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The 55th Anniversary of the Edis far eastern expedition,
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This review is from: The Impossible Takes a Little Longer (Paperback)
The 55th Anniversary of the Edis
Far Eastern Overland Expedition
This real life action adventure is a true story set in the austere days of the 1950s, when I set off on a seemingly impossible journey, to drive across the world to Australia and back, in an old Land Rover that had seen better days peddling vegetables in the north of England. The foreign office, in all their wisdom, `quoting the Burma factor' advised, the journey was not possible and could not succeed.
Burma at that time was in the grip of conflict. Its land borders with India had been closed to outsiders since the end of World War II and they would not grant overland travel visas, to anyone, to enter the renowned Ledo/Stilwell Road, therefore, making it virtually impossible to pass through that country, to reach Singapore.
For many years the Burma problem has frustrated expeditions from around the world from even attempting this improbable journey; but when the story unfolded that a shoestring expedition had audaciously and illegally crossed into Burma, not once, but twice, which, hitherto, had never been accomplished before, it was understandable why they came knocking to enquire how we had successfully overcome this insurmountable problem. I was not, however, prepared to share that information, only quote that famous motto. `Who Dares Wins'. Although, foolhardy and risky, the actual event was more like a film script, with a James Bond flavour.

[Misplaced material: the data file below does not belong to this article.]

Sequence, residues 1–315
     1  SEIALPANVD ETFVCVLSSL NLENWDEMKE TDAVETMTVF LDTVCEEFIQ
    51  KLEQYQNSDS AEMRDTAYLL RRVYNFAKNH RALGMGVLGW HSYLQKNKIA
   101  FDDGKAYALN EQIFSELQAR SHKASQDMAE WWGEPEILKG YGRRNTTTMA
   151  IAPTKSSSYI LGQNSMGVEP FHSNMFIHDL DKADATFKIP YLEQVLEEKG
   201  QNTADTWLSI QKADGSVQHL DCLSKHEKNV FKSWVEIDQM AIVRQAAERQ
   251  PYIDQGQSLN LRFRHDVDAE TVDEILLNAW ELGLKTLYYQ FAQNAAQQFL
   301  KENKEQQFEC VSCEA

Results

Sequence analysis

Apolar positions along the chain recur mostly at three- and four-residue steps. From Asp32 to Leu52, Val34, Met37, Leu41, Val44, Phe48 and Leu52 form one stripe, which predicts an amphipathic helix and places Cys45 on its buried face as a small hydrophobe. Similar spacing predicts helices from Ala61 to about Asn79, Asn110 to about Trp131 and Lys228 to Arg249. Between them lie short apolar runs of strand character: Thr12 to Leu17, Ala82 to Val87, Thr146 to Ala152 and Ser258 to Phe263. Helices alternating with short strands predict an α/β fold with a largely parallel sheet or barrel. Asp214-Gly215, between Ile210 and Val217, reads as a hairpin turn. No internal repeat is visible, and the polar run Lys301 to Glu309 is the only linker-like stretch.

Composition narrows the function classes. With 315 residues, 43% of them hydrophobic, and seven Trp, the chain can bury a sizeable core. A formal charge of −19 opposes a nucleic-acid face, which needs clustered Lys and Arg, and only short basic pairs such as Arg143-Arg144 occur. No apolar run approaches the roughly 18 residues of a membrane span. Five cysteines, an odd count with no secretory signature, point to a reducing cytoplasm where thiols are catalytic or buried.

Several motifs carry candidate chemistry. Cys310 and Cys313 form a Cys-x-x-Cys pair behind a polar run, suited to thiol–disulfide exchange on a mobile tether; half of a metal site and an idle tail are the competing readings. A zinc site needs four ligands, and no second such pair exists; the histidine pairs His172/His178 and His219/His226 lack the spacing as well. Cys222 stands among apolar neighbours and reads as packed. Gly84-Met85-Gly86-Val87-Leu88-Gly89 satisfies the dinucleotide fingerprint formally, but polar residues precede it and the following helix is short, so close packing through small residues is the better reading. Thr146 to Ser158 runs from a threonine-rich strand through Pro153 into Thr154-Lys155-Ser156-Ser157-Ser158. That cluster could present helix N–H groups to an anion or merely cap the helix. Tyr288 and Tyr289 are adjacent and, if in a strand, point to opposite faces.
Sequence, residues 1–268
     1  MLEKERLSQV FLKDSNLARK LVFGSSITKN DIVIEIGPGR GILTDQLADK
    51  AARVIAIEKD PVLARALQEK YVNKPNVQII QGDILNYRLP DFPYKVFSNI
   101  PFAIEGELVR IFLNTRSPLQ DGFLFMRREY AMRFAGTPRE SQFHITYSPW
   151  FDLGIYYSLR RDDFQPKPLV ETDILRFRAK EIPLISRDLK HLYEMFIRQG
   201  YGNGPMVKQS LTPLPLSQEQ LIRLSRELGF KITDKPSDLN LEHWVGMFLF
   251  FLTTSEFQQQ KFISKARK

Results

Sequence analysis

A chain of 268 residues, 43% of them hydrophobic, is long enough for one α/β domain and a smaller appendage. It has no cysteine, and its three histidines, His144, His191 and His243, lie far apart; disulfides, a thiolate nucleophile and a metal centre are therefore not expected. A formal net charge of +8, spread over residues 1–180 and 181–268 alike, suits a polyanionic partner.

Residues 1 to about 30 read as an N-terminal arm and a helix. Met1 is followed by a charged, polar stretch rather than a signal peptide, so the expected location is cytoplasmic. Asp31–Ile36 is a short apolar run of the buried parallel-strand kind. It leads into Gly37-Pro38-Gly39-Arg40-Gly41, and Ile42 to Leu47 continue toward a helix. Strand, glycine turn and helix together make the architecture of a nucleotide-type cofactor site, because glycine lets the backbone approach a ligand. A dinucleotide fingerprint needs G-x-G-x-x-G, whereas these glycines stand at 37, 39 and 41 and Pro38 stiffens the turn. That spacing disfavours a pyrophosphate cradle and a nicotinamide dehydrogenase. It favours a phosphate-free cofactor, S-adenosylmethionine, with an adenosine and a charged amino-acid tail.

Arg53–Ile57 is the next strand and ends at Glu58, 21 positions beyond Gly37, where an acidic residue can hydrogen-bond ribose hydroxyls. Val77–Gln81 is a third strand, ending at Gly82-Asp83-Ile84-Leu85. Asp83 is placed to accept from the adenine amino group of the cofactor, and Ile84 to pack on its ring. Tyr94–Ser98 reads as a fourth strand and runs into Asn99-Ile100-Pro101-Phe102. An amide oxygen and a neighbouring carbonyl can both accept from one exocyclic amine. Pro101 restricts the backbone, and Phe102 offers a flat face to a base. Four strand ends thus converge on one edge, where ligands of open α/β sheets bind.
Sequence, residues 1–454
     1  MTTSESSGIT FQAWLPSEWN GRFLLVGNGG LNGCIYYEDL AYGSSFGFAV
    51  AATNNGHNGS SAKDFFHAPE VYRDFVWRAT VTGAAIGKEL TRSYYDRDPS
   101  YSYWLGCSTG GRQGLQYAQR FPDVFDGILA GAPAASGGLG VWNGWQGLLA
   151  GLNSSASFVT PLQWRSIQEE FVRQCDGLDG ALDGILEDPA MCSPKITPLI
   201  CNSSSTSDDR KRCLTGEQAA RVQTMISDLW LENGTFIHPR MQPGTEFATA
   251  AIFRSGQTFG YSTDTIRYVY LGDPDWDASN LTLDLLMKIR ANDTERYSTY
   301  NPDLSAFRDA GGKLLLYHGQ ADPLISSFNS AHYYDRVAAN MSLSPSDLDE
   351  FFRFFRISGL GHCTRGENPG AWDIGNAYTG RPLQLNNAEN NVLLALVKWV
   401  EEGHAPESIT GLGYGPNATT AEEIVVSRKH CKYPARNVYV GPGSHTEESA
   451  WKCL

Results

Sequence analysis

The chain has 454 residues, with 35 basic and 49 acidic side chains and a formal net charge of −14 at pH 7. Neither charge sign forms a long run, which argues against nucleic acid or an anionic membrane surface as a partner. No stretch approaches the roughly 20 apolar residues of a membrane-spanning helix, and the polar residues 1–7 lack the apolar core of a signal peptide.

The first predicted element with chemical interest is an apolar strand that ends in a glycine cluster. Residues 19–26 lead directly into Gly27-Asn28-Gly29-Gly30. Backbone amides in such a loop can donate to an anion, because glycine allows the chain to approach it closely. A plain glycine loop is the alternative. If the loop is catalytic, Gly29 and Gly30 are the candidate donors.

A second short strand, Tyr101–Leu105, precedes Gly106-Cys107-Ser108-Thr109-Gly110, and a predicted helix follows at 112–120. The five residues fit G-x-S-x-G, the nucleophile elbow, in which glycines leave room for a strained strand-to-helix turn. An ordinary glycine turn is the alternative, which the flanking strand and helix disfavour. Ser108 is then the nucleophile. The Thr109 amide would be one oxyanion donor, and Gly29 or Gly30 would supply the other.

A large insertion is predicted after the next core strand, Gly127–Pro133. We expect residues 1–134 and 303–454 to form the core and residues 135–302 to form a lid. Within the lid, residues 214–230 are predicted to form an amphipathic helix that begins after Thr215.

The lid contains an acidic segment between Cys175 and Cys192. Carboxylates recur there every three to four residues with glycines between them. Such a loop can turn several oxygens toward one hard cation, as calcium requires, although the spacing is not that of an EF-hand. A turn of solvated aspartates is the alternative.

From the dust of the great Nullarbor, to the monsoonal rain forests of Southeast Asia, to the snow fields of Afghanistan, Iran and Turkey was a relentless struggle for survival. The harshness of the journey took its toll and many did not have the will or stamina to continue. We were hit with malaria, guinea worm, hook worm, fever, jungle foot, and dysentery, bitten by a scorpion, dragged from a river by a tank, rescued by an elephant from a swamp and the girls' knickers eaten by ants as we slept. We were saved by the Mujaheddin from a frozen hell in Afghanistan, and extricated an injured Afghan driver from two crashed Russian oil tankers, spilling their fuel.
On the outward journey only one other, was to reach Australia with me. We signed on an Australia bound oil tanker in Singapore, taking the Land Rover with us and working our passage across.
Many adventures flow through all the pages of the book, these are but a few sound bites.
On arrival back in the uk, my Land Rover and I had travelled more than 40,000 miles. One of the longest of all overland journeys, equivalent to driving one and a half times around the world. There was no sponsor for this journey, and no help given from any vehicle manufacturer. The old Land Rover used had no power winch, or any other special equipment.
Eric Edis Email: firstname.lastname@example.org